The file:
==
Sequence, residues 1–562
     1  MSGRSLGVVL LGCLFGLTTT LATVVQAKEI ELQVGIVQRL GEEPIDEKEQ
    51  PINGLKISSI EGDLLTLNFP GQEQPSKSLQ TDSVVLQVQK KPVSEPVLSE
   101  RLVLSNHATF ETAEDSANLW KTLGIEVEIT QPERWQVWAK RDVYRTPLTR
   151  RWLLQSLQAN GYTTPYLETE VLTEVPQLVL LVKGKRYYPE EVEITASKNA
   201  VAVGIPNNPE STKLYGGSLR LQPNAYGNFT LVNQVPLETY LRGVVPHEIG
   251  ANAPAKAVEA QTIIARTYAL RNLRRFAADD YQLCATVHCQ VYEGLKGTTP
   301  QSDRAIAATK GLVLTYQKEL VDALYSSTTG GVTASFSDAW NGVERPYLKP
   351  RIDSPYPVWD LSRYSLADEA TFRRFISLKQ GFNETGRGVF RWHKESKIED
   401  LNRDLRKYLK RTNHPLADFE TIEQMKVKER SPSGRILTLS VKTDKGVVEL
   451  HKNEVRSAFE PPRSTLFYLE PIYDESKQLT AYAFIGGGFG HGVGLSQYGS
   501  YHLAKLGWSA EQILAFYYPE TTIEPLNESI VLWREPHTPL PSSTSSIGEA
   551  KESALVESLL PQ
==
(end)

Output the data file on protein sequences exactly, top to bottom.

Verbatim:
Sequence, residues 1–562
     1  MSGRSLGVVL LGCLFGLTTT LATVVQAKEI ELQVGIVQRL GEEPIDEKEQ
    51  PINGLKISSI EGDLLTLNFP GQEQPSKSLQ TDSVVLQVQK KPVSEPVLSE
   101  RLVLSNHATF ETAEDSANLW KTLGIEVEIT QPERWQVWAK RDVYRTPLTR
   151  RWLLQSLQAN GYTTPYLETE VLTEVPQLVL LVKGKRYYPE EVEITASKNA
   201  VAVGIPNNPE STKLYGGSLR LQPNAYGNFT LVNQVPLETY LRGVVPHEIG
   251  ANAPAKAVEA QTIIARTYAL RNLRRFAADD YQLCATVHCQ VYEGLKGTTP
   301  QSDRAIAATK GLVLTYQKEL VDALYSSTTG GVTASFSDAW NGVERPYLKP
   351  RIDSPYPVWD LSRYSLADEA TFRRFISLKQ GFNETGRGVF RWHKESKIED
   401  LNRDLRKYLK RTNHPLADFE TIEQMKVKER SPSGRILTLS VKTDKGVVEL
   451  HKNEVRSAFE PPRSTLFYLE PIYDESKQLT AYAFIGGGFG HGVGLSQYGS
   501  YHLAKLGWSA EQILAFYYPE TTIEPLNESI VLWREPHTPL PSSTSSIGEA
   551  KESALVESLL PQ